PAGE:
Microsoft have long been threatening to remove Public Folders from Exchange and have been deprecating their use with every iteration of the product. Typically, here at Newcastle University, users have requested Public Folders to keep calendars of meeting rooms. Although the Public Folders are easy to set up and manage, they don’t really work too well. Checking availability and the logistics of organising the time with the Public Folder calendar alongside personal calendars is often a complicated and laborious affair.
Using Outlook 2007 and Exchange 2007, the creation of dedicated Resource Mailboxes became a much simpler process and more user friendly. To fall in line with Microsoft’s deprecation of Public Folders, we are keen to have people to move their Public Folder calendars into Resource Mailboxes. The set-up and maintenance of the Resource Mailboxes is best suited to a School Computing Officer or if not available a dedicated super-user.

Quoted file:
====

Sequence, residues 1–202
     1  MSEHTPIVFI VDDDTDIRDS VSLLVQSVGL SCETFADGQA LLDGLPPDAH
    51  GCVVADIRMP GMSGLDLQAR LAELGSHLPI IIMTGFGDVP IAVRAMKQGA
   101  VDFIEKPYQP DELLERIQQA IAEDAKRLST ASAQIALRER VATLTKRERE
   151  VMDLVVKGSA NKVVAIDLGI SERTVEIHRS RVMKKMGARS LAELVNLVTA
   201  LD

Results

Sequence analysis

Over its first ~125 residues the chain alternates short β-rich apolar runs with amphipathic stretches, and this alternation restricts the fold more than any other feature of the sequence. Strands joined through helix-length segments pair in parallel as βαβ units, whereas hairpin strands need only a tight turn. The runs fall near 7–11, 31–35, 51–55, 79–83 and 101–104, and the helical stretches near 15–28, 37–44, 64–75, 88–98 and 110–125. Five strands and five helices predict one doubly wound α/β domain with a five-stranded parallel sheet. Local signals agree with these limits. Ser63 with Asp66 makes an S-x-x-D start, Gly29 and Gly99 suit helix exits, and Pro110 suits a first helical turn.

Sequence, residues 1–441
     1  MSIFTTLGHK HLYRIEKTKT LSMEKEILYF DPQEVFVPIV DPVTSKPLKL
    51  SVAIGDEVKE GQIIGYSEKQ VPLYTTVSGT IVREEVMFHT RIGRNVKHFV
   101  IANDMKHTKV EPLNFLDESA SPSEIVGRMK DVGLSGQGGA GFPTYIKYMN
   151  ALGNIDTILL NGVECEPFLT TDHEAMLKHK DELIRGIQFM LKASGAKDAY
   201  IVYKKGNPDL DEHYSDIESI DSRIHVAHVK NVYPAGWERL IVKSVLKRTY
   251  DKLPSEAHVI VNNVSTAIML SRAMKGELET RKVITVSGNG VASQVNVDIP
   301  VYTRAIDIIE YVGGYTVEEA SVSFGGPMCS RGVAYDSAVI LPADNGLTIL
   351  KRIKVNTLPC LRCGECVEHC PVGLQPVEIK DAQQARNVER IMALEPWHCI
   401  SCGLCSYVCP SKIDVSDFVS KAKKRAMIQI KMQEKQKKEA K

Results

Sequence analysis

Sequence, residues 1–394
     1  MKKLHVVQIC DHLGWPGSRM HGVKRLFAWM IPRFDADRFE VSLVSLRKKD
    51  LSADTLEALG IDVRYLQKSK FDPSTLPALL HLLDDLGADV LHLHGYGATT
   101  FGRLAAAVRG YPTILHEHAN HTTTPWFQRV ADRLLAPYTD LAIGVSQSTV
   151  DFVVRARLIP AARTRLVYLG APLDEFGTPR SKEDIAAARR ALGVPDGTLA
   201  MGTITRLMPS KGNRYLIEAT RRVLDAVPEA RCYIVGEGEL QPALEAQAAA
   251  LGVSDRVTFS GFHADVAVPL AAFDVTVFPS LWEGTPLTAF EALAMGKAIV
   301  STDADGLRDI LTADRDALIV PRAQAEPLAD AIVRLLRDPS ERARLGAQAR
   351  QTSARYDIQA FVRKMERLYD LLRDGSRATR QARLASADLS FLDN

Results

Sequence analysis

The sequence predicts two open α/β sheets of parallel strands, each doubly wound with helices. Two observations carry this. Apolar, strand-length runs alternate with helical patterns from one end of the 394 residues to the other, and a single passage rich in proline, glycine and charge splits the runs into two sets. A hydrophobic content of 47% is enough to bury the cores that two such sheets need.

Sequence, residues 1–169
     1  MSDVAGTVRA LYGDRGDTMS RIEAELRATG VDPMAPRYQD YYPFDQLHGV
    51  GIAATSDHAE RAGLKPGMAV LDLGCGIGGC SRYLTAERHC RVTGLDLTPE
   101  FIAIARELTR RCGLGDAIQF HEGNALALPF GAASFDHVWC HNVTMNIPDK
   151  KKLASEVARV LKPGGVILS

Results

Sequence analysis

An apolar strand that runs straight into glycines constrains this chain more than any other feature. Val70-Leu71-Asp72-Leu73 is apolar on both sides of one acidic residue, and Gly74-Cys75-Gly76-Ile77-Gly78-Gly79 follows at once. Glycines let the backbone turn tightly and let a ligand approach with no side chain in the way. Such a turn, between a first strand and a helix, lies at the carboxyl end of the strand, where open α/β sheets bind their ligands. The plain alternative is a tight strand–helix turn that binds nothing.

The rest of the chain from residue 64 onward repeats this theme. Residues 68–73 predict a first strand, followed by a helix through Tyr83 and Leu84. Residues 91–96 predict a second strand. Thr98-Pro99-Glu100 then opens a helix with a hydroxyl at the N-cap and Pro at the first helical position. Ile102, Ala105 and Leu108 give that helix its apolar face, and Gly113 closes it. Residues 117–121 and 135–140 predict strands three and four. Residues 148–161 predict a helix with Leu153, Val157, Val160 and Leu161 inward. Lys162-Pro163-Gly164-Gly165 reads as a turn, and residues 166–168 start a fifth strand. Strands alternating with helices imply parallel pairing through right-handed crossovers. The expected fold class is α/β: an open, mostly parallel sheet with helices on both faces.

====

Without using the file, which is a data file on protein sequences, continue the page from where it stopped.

The resource mailbox is very similar to a standard mailbox however does include some extra options to allow for automated responses and resource dedicated configuration.
Although the Resource Mailboxes still work with Outlook 2003, the checking of availability and the manner in which to find the resource mailboxes is slightly more complicated.
I’ve recently drawn up some documentation for Computing Officers with regards to the configuration of Resource Mailboxes and also for end-users for how you would use them in daily operation.
We’ve been using Resource Mailboxes internally within ISS for a little while now and have also introduced the service for the Student Interaction element of King’s Gate and parts of the Robinson Library. It is to note that this system is not a competitor for Syllabus Plus and our in-house timetabling services, but to be used as a supplement so that users can organise small meetings within their school/service.